Sarah Lawrence College subsequently suspended Mr. Ashhurst-Watson for the remainder of the academic school year. Mr.Ashhurst-Watson's attorneys have responded:  See here.

We don't know what happened between the two students, but we do know that Ms. Robertson should be censured severely for her racist poem.

Monday, November 11, 2013

Rape accusers have the right to be taken seriously, not to be "believed"

Advocates for sexual assault victims, gender academicians, and feminist writers often insist that women are entitled to be believed when they cry rape, but that women aren't believed because of the prevalence of popular "rape myths," including so-called "victim blaming."  According to the meme, women, cognizant of these "rape myths," know they won't be believed, and as a result usually don't report that they've been raped. The hurdles to obtaining justice can be removed if only the public, police, judges and juries would "believe the victim."

Entire books could be written about the factual inaccuracies underling this meme. For example, the fact that fear of not being believed is no longer a major reason for not reporting (see the testimony of Scott Berkowitz, the founder of RAINN, on this point here). Further, it is possible to believe the accuser while still engaging in so-called "victim blaming" (the hanging trees in the Old South surely were filled with young men accused of raping daughters even though the daughters were "victim blamed" for putting themselves in harm's way).

But there is a more fundamental problem with this meme that necessitates that all persons of good-will insist it be scrapped: the "right to be believed" does not comport with fundamental notions of fairness or our most cherished due process rights.

A woman who cries rape has the right to be taken seriously; to be treated with respect; and to be supported if she avers that she is suffering trauma or other effects of sexual assault. A woman who cries rape does not have the right to be "believed."

The insistence on believing the "victim" assumes that an accuser is a "victim" and turns on its head the long-settled consensus of civilized people that it is far more important to protect the innocent than to convict the guilty. This sentiment was most famously articulated by the celebrated English jurist William Blackstone, but its roots extend back at least to the Book of Genesis, when God was deciding what to do about the evil in Sodom and Gomorrah.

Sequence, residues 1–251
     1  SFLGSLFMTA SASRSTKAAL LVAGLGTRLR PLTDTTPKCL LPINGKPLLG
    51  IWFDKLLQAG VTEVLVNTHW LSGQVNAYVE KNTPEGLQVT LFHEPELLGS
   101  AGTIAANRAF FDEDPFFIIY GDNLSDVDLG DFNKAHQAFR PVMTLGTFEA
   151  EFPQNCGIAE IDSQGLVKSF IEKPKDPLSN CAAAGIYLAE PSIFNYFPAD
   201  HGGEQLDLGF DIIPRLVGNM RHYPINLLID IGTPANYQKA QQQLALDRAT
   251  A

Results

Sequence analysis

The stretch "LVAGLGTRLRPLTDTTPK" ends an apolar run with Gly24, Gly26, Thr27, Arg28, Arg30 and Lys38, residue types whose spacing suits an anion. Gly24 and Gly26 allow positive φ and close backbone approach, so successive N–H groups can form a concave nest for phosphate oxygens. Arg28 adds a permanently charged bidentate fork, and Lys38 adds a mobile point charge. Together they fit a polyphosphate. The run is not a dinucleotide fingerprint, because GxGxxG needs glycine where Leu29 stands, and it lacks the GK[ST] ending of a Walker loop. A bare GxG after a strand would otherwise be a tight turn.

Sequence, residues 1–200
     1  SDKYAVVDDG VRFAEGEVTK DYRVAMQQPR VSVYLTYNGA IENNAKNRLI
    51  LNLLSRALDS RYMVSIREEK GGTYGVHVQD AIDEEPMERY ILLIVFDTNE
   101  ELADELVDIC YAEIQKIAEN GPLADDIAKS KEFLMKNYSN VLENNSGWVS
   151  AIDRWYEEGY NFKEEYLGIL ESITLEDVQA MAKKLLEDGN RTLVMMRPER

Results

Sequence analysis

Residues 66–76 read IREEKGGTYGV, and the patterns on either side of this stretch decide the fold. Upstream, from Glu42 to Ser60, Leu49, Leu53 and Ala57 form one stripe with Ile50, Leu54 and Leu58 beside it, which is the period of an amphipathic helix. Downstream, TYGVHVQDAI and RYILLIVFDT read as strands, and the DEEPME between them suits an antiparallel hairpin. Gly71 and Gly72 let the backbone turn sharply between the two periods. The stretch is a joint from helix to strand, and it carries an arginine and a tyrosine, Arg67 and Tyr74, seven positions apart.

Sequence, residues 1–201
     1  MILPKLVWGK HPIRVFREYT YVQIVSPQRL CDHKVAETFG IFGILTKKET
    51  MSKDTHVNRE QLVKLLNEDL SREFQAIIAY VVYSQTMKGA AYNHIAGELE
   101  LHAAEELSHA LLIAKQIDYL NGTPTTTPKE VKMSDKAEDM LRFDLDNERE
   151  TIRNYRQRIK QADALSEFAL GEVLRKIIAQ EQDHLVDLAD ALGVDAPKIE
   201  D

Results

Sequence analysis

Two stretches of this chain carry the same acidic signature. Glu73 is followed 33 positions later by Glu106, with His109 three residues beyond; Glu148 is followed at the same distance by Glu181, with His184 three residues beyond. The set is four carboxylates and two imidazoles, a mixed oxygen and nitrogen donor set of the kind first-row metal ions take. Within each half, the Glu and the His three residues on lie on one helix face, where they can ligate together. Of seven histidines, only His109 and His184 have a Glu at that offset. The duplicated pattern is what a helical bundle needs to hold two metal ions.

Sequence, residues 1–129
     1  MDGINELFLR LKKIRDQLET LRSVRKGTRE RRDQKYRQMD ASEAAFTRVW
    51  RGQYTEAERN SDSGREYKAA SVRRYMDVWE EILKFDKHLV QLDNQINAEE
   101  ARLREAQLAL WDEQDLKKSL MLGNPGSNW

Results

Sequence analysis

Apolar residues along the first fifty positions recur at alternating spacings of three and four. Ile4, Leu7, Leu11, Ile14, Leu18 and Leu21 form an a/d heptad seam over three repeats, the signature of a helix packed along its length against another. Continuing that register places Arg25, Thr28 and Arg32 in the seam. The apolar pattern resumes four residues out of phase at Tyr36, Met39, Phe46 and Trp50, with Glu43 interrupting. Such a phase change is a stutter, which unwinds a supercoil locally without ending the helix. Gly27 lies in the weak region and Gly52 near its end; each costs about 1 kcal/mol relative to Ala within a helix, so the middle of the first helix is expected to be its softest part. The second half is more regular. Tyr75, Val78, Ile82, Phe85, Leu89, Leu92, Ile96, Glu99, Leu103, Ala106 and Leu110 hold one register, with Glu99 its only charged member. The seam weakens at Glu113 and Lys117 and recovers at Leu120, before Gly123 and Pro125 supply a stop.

If it isn't obvious to objective third parties whether a rape claim is valid, that's rarely because the claim is being viewed through a lens of misogyny. Rape is unlike other serious offenses in that its only physical evidence is often the same as the evidence resulting from an act of making love. The latter occurs on a routine basis every day around the world in numbers so enormous it can't be quantified. Most rape claims are of the acquaintance variety where an act of love-making is often a plausible alternative to a felonious violation. Law enforcement personnel often are left with murky "he said-she said" cases that don't lend themselves to quick and tidy denouements. The absence of corroborating evidence to establish guilt or innocence in "he said/she said" rape cases underscores the necessity of being ever more vigilant of the possibility of punishing an innocent person for something he did not do.

This blog, and our predecessor blog, are replete with examples of cases where women who cried rape were believed -- wrongly as it turned out, and often with seriously negative consequences to the victim of the false claim. The problem is not that we don't believe the "victim," it's that we too readily rush to judgment and believe the accuser, often with horrific consequences.

Sexual assault victims' advocates do victims no favors by touting an entitlement to be believed. By insisting that every claim of sexual assault should be "believed," these advocates are giving victims of sexual assault dangerously unrealistic expectations that can never be met. When accusers realize the system won't deliver -- because it can't deliver -- what they've been told they deserve, they assume a misogynistic system is coddling rapists. That assumption, of course, is as puerile as it is wrong. Worse, it is likely putting off women from reporting rape. When we bombard young women with the message that rape victims can't get justice because they aren't believed, is it any wonder they don't bother to report?

It is a tenet of the Community of the Wrongly Accused that every civilized society must strive to eradicate heinous criminality by punishing offenders, but it also must insure that the innocent aren't punished with them. The latter concern too often is absent from the public discourse. What we need are more adult voices grappling with these issues in sincere, reasonable ways, not simple-minded incantations designed to foment a public outcry to get tough on rapists. Mark A Godsey of the Innocence Project recently said that "the risk of wrongful conviction is the highest when there’s public outcry. Most of the exonerations and wrongful convictions have occurred in rape cases."

That there is no entitlement to be believed should not be at all controversial. What is astounding is that this meme has been repeated so frequently without serious challenge.

Police didn't believe rape accuser when she tried to tell the truth and admit she wasn't raped

A woman whose rape lie sent an innocent man to jail wasn't believed when she tried to tell the police the truth -- that the man was innocent. They said she was just trying to protect the man she falsely accused of raping her. Fortunately, eventually they did believe her. Read the whole story here.

We often hear that a significant stumbling block for sexual assault victims is that they are not "believed." First, sexual assault accusers have no right to be "believed." The only legitimate expectation they should have is that their claims will be treated seriously. Second, this blog is a testament to the indisputable fact that too often, some women are "believed" when they shouldn't be. Third, sometimes, as in this case, women aren't believed when they are trying to correct a rape lie.